Counter-Reformation movements forbade Protestantism in 1572, closing down the school and the Lutheran church. Due to the lax nature of the new statutes, and the rights of the townspeople as enforced by Ferdinand and Archduke Maximilian, however, religion did not become compulsory. During this time, Moson and Óvár alike were attacked by various armies, including Turkish and German mercenaries. Pasha Sinan could take the fort in 1593 for a short time.

Photo: Szöllősi Gábor

Just like Győr, Óvár was part of the fort system that was defending Vienna. After the fall of Győr in 1594, the castle was modernized to withstand a possible future attack by Italian engineers. During the 17th century, Óvár aka Magyaróvár enjoyed great urban development and some independence. The Hajdú soldiers of Prince Bocskai István of Transylvania burned the town in 1605 but they could not take the fort. However, the castle’s garrison opened the gates before the troops of Prince Bethlen Gábor in 1619. After the place returned to the Habsburgs, King II Ferdinand pledged it in 1627 to Harrach Leonhard for 46,000 gold. Later, the king made a better business when he pledged the castle and its villages in 1650 to Draskovich József because he got 200,000 pieces of gold for it.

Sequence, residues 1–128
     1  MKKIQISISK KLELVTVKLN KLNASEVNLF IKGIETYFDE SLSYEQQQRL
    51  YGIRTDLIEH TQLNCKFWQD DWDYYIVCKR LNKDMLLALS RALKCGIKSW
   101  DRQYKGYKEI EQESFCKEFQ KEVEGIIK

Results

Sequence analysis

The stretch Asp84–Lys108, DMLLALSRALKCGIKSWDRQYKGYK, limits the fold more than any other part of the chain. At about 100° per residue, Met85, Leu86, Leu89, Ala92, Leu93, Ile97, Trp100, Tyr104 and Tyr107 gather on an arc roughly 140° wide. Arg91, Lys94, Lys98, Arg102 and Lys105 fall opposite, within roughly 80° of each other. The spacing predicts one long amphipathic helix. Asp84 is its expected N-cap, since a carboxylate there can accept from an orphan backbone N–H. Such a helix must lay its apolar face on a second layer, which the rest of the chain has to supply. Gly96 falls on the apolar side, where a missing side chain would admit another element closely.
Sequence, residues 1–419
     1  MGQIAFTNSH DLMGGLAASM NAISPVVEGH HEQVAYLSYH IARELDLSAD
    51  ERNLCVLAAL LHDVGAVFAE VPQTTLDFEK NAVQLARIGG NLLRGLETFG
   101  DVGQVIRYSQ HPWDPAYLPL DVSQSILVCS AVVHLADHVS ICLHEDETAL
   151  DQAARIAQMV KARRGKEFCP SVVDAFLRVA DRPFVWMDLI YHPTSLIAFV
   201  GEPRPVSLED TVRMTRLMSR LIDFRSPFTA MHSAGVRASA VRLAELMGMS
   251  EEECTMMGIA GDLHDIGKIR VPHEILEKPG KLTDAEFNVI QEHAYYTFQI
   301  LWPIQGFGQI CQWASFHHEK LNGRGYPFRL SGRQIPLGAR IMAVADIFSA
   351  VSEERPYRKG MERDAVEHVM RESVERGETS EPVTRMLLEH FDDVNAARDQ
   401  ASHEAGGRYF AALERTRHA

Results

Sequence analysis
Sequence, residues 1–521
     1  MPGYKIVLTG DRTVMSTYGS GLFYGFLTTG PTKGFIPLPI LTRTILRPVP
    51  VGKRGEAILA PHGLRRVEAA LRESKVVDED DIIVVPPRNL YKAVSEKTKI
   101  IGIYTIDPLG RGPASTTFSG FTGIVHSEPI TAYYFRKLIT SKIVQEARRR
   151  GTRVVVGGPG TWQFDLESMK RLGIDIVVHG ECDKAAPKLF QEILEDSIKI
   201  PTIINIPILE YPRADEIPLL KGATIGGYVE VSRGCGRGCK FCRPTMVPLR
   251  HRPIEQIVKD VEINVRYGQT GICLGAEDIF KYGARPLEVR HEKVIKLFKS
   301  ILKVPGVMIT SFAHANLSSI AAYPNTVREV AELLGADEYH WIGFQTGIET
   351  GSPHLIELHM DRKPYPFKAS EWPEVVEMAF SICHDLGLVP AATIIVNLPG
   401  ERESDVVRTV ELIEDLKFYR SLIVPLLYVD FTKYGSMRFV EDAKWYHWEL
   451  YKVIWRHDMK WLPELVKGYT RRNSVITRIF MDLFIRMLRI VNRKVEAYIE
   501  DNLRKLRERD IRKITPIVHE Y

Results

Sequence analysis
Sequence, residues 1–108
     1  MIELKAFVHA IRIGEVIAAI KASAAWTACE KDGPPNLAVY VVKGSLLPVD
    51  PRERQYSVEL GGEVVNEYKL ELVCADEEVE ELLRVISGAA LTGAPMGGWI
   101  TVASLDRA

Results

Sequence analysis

The young King Matthias was imprisoned behind this window when he was taken to Vienna (Photo: Szöllősi Gábor

In 1683, the new castle was helpless against the retreating Ottoman army of Kara Mustafa, which had been repulsed again at Vienna. Both Moson and Magyaróvár were set ablaze. Though the town archives were now destroyed, the damage was repaired more quickly this time. During Prince Rákóczi’s War of Independence (1703-1711), it was occupied by German-Austrian troops. The military importance of the castle ceased to exist after 1712 when all the cannons and other military equipment were transported to Pozsony (Bratislava, Pressburg) castle. Maria Theresia gave the town to her daughter, Krisztina in 1766. It was how the place became the property of Prince Albert of Saxonteschen by marriage. Later, Napoleon’s troops occupied the town in 1809. The demolishing of the old walls of the castle began in the 1830s.

Photo: Szöllősi Gábor